Saudi Arabia’s crown prince Mohammed bin Salman Al Saud, 32, seems to be engaged in a continuous show of brinkmanship that has the potential to bring havoc to the entire Middle East with global repercussions.

He is the youngest defence minister in the world and deputy prime minister of Saudi Arabia. He seems to be calling the shots in all of Kingdom’s affairs that analysts have described as reckless behaviour for the past two years.

Saudi leadership, largely occupied by ageing monarchs over a number of decades has been largely based on consensus among the more than 5000 strong royal family. The Saudi monarchs over these long years occupying the sensitive position of the custodians of the Haramain in Makkah and Madinah have always been careful not to tread on toes of others including Middle Eastern regimes, Muslim states or Western powers.

Saudi monarchs have been known to have overt or covert pacts with the US and other Western powers on an ongoing basis in the self-preservation of their monarchy and have also been suspected of covert relationship with the state of Israel for a number of years.

However, this softly softly approach has been gradually disappearing with young blood exerting their influence on the regime’s policies particularly in foreign affairs.

This change started with the appointment of Prince Bandar bin Sultan as the Saudi ambassador to Washington back in 1983 at the young age of 33 that lasted for more than two decades ending in 2005. Prince Bandar facilitated a very cosy relationship of Saudi Arabia with the US, promoting US policies in the Middle East including the two gulf wars in 1991 and 2003.

Saudi adventurism started with the appointment of Prince Bandar as the Saudi Intelligence Chief in 2012 when he recklessly meddled in the initial civil movement, inspired by Arab spring elsewhere in the Middle East, in order to remove the highly oppressive Baathist regime in Syria. He played a key role in the propping up of a various armed group to fight the Syrian army by funding and the supply of modern armaments that gradually fell into the hands of ISIS.

This was a classic case of “bite the hands that feeds them”, where ISIS brought havoc to Iraq and Syria and the Saudi adventurism led by Prince Bandar backfired on them.

Prince Bandar who remained Saudi Intelligence chief till 2014, also played a critical role in the removal of Muslim Brotherhood government of President Morsi of Egypt possibly in covert alignment with the state of Israel. Both Saudi Arabia and Israel considered an Islamic regime in Egypt a threat to their own regimes.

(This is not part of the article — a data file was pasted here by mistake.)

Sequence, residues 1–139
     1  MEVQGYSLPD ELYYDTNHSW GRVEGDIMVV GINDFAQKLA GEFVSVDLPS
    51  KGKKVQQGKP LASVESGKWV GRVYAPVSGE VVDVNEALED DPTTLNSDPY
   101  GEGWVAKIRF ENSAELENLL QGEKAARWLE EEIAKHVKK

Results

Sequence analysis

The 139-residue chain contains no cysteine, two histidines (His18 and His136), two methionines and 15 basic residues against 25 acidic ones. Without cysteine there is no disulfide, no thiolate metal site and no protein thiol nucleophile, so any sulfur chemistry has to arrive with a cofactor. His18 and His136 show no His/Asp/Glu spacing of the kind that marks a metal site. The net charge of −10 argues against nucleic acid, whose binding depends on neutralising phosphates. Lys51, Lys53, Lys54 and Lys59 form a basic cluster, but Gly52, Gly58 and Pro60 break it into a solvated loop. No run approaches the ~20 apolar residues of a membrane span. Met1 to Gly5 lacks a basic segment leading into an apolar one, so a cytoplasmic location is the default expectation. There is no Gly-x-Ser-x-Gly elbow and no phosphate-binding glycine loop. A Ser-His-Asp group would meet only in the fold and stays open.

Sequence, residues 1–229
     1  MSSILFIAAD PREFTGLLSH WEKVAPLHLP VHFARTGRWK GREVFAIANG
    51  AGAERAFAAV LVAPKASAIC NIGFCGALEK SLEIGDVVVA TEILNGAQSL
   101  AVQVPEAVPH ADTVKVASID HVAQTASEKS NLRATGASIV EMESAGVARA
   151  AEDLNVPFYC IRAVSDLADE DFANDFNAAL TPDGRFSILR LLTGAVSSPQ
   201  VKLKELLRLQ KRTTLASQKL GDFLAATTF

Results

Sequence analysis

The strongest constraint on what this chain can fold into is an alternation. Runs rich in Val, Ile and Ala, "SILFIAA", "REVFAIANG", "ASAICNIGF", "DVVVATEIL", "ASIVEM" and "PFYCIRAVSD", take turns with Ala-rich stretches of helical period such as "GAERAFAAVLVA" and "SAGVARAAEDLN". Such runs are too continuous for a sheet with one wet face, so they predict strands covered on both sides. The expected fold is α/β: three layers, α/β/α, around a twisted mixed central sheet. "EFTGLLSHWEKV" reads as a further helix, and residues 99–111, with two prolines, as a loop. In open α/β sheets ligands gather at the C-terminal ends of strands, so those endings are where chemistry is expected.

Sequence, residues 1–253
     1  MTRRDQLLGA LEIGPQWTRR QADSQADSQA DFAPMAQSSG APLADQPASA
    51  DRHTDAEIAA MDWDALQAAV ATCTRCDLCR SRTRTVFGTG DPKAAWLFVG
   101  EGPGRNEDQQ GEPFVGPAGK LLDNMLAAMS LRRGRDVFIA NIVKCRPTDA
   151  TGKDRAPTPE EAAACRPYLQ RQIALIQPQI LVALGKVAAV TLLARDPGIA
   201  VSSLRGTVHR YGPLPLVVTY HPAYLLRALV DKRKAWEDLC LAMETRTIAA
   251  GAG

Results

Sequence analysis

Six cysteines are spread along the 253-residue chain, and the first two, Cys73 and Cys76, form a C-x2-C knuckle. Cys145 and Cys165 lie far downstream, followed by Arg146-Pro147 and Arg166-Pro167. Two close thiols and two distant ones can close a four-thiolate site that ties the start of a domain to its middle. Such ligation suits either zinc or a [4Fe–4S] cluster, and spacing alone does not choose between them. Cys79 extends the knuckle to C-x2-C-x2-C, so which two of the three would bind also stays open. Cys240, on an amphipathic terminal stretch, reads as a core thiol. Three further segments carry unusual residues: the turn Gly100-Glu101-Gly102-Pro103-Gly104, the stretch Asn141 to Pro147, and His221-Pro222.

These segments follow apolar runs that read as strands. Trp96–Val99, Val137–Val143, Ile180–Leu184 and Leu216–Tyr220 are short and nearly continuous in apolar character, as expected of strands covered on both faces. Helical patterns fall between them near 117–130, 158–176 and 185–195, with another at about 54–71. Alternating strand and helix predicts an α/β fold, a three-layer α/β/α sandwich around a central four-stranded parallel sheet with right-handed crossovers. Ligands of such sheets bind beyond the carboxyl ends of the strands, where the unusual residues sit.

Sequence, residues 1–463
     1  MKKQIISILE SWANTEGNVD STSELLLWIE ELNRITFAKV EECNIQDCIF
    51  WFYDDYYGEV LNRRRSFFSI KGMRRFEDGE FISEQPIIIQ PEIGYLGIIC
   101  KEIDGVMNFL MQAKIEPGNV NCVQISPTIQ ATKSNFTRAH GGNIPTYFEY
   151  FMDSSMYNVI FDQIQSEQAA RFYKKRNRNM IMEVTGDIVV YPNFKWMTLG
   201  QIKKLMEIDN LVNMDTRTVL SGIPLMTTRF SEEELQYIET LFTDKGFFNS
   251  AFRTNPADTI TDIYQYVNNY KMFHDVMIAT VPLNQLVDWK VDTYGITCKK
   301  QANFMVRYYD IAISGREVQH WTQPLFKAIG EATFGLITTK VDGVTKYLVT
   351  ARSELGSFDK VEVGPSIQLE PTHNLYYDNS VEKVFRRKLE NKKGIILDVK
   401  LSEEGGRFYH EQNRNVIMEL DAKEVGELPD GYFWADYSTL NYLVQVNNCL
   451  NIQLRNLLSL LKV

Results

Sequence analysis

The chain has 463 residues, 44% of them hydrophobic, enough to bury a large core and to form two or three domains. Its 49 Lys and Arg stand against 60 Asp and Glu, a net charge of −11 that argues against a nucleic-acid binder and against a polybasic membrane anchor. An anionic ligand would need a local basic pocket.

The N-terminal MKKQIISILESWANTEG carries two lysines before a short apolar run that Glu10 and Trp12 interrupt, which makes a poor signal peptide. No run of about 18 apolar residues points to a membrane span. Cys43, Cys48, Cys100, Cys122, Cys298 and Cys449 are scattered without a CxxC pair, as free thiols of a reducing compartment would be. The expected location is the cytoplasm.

Now it is Prince Mohammad bin Salman, again a very young man seems bent upon shaking the status quo and engaging himself in adventurism in a most brutal and reckless manner unparalleled in the history of Saudi Arabia.

Mohammed bin Salman or MBS as he is often called was ranked as the kingdom’s top 10 students during his school years and achieved the second position graduating with a law degree from King Saud University in Riyadh.

Soon after being appointed as the defence minister on 23 January 2015, he is engaged in a brutal war in Yemen that has destroyed the infrastructure in the country resulting in killing, maiming, disease and starvation of the civilian population including a large number of children.

MBS is also driving a highly aggressive foreign policy to counter the influence of  Iran, many believe in strong alliance with Israel and at the expense of Palestinians. He is also behind the cold war against Qatar having built a coalition of Gulf states against a brotherly Arab sheikhdom.

In 2016 he introduced Vision 2030, Saudi Arabia’s economic vision of the future aimed at making the kingdom the heart of the Arab and Islamic world, an investment powerhouse, and a hub that connects three continents.

He has also indicated his willingness to bring Saudi Arabia towards modernity away from being a conservative society and relax restrictions on women.

He wants to eradicate terrorism, but in doing so he is legislating draconian laws and has arrested a large number of people from religious, business and academic sectors as well as from the royal family.

In September he has put a large number of Islamic scholars behind bars.

In November he arrested four ministers, 11 princes and several high-profile entrepreneurs perceived to be his direct rivals, thus consolidating his power over the kingdom.

Many are alarmed as to the consequences of this adventurism by the current young Saudi leadership.